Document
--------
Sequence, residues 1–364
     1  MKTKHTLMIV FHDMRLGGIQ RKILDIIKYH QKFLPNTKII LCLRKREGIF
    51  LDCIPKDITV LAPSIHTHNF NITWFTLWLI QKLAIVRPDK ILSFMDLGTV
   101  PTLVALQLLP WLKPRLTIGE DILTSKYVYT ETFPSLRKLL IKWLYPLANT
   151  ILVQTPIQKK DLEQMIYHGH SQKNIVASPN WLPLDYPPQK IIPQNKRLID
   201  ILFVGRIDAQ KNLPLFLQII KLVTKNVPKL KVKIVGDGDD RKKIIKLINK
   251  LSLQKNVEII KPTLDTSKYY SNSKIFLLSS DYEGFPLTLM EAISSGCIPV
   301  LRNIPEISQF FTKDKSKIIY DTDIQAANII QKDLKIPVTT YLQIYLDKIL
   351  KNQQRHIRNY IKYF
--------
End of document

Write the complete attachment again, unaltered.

Sequence, residues 1–364
     1  MKTKHTLMIV FHDMRLGGIQ RKILDIIKYH QKFLPNTKII LCLRKREGIF
    51  LDCIPKDITV LAPSIHTHNF NITWFTLWLI QKLAIVRPDK ILSFMDLGTV
   101  PTLVALQLLP WLKPRLTIGE DILTSKYVYT ETFPSLRKLL IKWLYPLANT
   151  ILVQTPIQKK DLEQMIYHGH SQKNIVASPN WLPLDYPPQK IIPQNKRLID
   201  ILFVGRIDAQ KNLPLFLQII KLVTKNVPKL KVKIVGDGDD RKKIIKLINK
   251  LSLQKNVEII KPTLDTSKYY SNSKIFLLSS DYEGFPLTLM EAISSGCIPV
   301  LRNIPEISQF FTKDKSKIIY DTDIQAANII QKDLKIPVTT YLQIYLDKIL
   351  KNQQRHIRNY IKYF